Nowadays, the most valuable currency is a like. Two subtle but steady clicks on the screen and that’s it: your little contribution to someone’s ego has been made. Since they wake up till they go to sleep, teenagers like, and if they have many of those in their assets, they become important people, someone who has what others desire. Otherwise, they experiment the silent failure of not rising up the number of likes.
The relation of person-like-person seems simple; a mere like can mean so many things: it can suggest someone’s intention; it can show interest on the subjects dealt with in the publication, or it could only be a friendly exchange between acquaintances.
Whatever the reason is, by liking we show people –who take their time to pour something of themselves on the platform and feed that voracious appetite for recognition in this era of social networks– we care. Yet, saying that “things were different in the past” or that “everything from the past was better” would be a big fat lie. People have always sought for the approval of others. The difference is that approval nowadays is sought from a more superficial place: a number of likes people click on your face.
Regarding the creation of content, there are many techniques out there to get likes, for example, updating during “peak hours.” Since it’s the time most people are checking their networks, it’s the perfect moment to make the most of your pictures and videos by adding hashtags so that people are engaged with your publications. Besides, the use of filters and effects that upgrade the quality of images can even make your photos have an added layer of originality.
In this bloody race for fame and social status, everything is valid, but it’s also here where real problems appear. The concerns and compulsive obsession to become the top in the nonexistent celebrity world of Instagram leads thousands of teenagers to depression, since they believe that not being recognized on networks is a real issue. These kids can be fascinating people in real life, but they find themselves limited by the lack of attention on their virtual lives; they're devoid of likes, and this has repercussions in their mental, emotional, and –worst case scenario– physical condition.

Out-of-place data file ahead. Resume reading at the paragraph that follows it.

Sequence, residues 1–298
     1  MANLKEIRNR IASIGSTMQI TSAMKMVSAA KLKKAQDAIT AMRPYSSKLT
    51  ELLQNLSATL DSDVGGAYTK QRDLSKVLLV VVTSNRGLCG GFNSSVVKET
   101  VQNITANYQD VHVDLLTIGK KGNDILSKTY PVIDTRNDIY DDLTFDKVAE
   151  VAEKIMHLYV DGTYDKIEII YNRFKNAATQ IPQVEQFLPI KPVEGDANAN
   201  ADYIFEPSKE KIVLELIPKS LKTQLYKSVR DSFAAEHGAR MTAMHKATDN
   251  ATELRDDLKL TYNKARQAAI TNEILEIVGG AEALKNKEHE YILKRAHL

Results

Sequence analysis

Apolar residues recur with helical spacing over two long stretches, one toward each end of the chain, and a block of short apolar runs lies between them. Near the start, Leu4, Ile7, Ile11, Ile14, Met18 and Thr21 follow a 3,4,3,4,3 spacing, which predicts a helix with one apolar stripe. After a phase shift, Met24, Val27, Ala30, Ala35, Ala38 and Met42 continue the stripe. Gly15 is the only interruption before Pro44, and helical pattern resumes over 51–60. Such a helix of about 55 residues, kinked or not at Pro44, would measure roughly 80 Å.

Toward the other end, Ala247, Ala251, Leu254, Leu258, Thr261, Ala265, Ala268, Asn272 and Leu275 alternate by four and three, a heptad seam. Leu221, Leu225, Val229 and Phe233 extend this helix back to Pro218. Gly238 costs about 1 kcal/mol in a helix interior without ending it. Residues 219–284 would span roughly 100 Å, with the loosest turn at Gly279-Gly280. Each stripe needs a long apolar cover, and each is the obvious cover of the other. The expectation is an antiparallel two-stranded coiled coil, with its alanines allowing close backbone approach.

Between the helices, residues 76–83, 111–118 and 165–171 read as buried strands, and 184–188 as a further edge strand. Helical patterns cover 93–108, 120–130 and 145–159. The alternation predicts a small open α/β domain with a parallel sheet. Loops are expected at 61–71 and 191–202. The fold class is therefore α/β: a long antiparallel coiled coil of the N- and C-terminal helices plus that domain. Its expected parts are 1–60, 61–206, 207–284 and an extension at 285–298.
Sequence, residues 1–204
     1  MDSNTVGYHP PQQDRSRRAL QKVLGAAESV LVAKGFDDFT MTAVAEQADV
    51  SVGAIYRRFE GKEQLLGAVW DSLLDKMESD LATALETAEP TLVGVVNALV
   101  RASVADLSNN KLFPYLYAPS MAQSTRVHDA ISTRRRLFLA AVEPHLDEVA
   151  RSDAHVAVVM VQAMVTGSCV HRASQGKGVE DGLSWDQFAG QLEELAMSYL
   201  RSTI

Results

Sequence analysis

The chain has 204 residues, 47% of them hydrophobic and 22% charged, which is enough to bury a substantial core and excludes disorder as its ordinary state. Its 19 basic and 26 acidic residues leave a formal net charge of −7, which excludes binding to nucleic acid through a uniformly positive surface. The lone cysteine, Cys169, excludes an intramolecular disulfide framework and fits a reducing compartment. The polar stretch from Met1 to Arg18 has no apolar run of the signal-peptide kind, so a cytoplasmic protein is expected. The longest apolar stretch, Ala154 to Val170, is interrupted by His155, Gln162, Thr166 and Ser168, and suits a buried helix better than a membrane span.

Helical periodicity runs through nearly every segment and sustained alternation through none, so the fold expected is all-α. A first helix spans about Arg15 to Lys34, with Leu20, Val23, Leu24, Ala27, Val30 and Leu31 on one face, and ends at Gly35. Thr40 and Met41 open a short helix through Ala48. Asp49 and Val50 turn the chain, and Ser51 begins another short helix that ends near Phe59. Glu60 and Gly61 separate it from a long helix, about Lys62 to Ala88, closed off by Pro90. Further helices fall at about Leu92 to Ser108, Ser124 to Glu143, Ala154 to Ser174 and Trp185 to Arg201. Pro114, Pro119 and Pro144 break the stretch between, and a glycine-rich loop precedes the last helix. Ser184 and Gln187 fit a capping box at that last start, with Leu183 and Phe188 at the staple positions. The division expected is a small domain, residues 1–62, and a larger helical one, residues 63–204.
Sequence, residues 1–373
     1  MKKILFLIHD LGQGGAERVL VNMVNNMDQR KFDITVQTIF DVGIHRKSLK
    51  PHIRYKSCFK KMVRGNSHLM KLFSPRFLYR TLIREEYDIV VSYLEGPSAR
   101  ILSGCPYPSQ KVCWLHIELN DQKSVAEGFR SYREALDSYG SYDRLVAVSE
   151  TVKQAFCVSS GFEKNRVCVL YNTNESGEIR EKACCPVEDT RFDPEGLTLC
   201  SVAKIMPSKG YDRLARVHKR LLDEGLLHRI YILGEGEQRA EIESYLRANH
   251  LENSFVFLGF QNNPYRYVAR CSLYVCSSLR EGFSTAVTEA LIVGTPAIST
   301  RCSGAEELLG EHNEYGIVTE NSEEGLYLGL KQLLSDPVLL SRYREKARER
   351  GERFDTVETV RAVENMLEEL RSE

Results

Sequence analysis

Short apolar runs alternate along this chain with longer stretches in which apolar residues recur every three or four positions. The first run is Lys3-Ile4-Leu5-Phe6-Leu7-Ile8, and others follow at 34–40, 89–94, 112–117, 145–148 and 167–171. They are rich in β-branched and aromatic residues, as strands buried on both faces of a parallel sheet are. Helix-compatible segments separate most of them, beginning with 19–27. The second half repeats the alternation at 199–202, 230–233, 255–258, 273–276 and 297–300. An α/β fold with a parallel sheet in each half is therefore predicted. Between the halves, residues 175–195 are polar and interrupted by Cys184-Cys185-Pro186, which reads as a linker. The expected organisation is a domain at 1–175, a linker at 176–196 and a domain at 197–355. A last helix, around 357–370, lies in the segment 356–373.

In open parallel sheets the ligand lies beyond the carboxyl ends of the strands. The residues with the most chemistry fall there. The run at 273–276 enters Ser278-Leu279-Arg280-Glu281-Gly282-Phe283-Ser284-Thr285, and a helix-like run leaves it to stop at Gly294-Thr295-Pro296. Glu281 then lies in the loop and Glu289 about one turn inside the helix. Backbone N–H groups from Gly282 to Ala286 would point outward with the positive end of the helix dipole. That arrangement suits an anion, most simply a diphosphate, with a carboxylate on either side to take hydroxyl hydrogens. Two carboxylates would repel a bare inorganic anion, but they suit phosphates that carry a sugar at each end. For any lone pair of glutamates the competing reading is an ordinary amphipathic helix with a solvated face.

We don’t see any alternatives coming soon. It could be said that the quest for that craved like is comfortably set in the goals of most preteens, teenagers, and even some adults. That need to uploade the perfect photo –selected after a strict selection process–, hide flaws and paired with an inspirational phrase, has become a normal practice.
It's a shame that people get excited when they receive notifications with new likes and get disappointed when they don’t achieve their average goal, wondering if they did something wrong. As it was previously mentioned, the need to be liked has always existed, but in recent years, the society and its technological advancements have made a lot of people create a virtual personality only for their on social networks. This happens because users are pushed to fit in an established model, and therefore they feel they need to be approved by others.
The key to solving this issue would be to go back to basics: to publish things we really like just because we want to share them with our contacts, understand that the purpose of these apps is to “tell something” through a specific media, and communicate without having the fixed goal of engaging hoards of people to fill an inner void.
The obsession for likes has turned into a serious social problem. Each day more people are getting affected by not having a certain amount of followers or not having the approval of their acquaintances. This has even affected a profession still considered as an art form: photography. Take a look at The Art Of Capturing Fleeting Moments With An Analog Camera.
::Translated by María Isabel Carrasco Cara Chards